According to Lambert, the Common House will come in at approximately 4,000 square feet. Her designs, which were based upon requests by Village members, include a music room, meditation room, a screened-in porch, and native gardens to be located around the exterior. There will also be accommodations for guests of members who wish to stay overnight.

The focal point of the Common House will be an open-concept kitchen, living room, and dining room. Lambert indicated the kitchen and living rooms are typically the key entertaining spaces in most homes, and her desire in designing the Common House was to make it feel as much like a home as possible—and avoid any feeling of a dormitory or cafeteria.

Shepherd Village representatives meet with architect Charles Durrett.

A New Road Ahead

The Common House is the first cohousing project Lambert has worked on, and while it was a new experience, she called it a great joy.

“What I’ve loved most about the project is the group of people,” she said, adding, “I hope this [cohousing communities] takes hold in more parts of the country.”

Nan Broadhurst, who plans to move to Shepherd Village with her husband Marty, says she was heartsick at the prospect of leaving Shepherdstown, where they’ve lived for 20 years.

“We realized that the maintenance of our house was becoming too much,” she said—and they planned to downsize and potentially leave the area.

Upon learning of the Shepherd Village project, which she called “a miracle,” the couple was immediately interested. Broadhurst says the involvement with the planning of the community “ … has given us a newfound energy and vision for our lives.”

Lambert believes cohousing developments offer great opportunities for people of a certain age who wish to move to a smaller residence and enjoy a community atmosphere, but not give up a life full of activities.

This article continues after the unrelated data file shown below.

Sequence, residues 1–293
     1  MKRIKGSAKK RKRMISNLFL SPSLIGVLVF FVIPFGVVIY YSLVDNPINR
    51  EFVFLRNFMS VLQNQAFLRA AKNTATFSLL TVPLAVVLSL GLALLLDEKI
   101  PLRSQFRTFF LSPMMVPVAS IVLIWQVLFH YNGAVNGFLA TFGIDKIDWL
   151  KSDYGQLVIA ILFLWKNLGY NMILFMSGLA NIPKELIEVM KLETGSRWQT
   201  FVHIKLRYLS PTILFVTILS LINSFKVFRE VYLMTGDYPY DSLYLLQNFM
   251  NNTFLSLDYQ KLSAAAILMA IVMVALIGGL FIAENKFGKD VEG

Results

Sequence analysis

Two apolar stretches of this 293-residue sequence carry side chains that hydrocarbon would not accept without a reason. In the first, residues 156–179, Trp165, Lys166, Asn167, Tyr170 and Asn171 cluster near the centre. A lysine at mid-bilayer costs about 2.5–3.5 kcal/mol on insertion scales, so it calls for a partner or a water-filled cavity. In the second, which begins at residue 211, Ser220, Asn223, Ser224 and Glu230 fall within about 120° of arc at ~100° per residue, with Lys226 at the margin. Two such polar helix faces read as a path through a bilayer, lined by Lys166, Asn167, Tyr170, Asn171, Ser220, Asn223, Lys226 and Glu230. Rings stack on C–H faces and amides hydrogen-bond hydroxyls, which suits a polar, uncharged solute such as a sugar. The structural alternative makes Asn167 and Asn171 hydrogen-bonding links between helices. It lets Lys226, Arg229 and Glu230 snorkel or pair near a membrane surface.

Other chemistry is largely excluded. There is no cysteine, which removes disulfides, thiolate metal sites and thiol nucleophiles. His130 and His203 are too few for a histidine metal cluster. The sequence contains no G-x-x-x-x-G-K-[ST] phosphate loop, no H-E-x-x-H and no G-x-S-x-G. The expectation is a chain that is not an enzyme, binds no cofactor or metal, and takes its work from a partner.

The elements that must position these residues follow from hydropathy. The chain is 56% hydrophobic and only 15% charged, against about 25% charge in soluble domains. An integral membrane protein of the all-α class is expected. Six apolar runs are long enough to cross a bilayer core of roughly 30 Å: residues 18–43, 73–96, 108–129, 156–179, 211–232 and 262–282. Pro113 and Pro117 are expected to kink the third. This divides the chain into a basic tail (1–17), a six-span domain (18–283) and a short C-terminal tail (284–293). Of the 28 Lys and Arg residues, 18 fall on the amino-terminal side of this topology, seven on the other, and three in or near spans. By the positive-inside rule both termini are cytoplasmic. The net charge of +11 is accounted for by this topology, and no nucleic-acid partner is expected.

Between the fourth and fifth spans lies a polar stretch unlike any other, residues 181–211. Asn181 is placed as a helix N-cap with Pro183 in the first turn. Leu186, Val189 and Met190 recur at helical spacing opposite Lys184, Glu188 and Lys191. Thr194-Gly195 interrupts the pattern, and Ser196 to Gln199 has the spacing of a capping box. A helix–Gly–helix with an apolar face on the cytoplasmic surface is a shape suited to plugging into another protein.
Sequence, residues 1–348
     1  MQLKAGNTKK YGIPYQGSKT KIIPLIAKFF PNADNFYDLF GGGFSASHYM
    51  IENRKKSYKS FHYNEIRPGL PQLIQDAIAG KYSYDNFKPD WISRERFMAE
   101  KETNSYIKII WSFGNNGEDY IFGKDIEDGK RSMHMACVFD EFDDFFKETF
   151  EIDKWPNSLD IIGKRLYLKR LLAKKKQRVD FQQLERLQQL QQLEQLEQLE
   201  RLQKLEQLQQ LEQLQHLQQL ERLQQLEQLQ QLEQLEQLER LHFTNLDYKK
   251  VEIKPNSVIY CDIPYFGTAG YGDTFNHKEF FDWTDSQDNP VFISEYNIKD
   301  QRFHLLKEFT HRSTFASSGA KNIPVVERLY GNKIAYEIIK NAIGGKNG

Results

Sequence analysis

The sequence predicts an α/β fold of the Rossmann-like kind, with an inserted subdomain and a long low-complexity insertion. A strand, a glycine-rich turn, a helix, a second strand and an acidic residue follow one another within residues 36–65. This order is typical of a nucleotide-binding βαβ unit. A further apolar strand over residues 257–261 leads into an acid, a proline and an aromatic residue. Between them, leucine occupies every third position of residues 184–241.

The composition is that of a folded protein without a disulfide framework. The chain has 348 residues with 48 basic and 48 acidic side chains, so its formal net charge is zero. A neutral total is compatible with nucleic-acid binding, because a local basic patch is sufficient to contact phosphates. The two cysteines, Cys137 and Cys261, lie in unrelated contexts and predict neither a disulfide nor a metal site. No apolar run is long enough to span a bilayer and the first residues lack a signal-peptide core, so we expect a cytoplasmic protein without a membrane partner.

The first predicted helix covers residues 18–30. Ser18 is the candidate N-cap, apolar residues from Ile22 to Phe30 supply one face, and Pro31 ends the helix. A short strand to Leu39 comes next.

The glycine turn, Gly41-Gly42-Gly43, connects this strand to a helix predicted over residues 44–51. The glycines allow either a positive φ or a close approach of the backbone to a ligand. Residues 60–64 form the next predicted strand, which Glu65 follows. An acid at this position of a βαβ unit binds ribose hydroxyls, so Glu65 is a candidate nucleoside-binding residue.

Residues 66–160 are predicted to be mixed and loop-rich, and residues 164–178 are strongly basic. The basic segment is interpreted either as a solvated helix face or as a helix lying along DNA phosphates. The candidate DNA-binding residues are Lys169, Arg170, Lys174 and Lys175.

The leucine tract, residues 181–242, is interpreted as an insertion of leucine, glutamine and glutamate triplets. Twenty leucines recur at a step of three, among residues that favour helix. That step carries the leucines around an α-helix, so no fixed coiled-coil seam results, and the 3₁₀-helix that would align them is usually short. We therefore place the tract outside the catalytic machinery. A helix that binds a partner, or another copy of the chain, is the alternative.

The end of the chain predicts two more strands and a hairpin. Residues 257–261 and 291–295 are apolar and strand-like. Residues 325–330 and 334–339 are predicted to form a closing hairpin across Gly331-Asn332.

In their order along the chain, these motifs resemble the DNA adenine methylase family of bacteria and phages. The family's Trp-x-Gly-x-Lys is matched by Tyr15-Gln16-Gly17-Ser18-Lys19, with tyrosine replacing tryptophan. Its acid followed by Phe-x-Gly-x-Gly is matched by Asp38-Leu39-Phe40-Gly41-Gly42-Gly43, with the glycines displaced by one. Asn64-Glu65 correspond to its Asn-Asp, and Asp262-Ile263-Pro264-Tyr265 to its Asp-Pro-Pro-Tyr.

Cohousing communities like Shepherd Village enable members to enjoy a new chapter “ … in a healthy and vibrant community atmosphere … ” while still living in a private residence, Lambert emphasized.

An additional motivation for established Shepherdstown residents or newcomers to make the move to Shepherd Village is the close proximity to town. Williams noted many cohousing communities are not centrally located in or near a town or city—whereas Shepherd Village will be within walking distance of downtown Shepherdstown.

Williams happily pointed to the overwhelming level of support the project has received from the Shepherdstown Planning Commission and Town Council, as well as area businesses, the Shepherdstown Library, and the Visitors Center. She believes a town with the “culture and vibrancy” of Shepherdstown is a unique and dynamic draw for a cohousing community.

Shepherd Village can be found online, as well as Facebook. Additionally, every two months, Shepherd Village hosts orientation sessions for those interested in the project. More information about the sessions, or the project in general, can be obtained directly from Leslie Williams ( or Nan Broadhurst (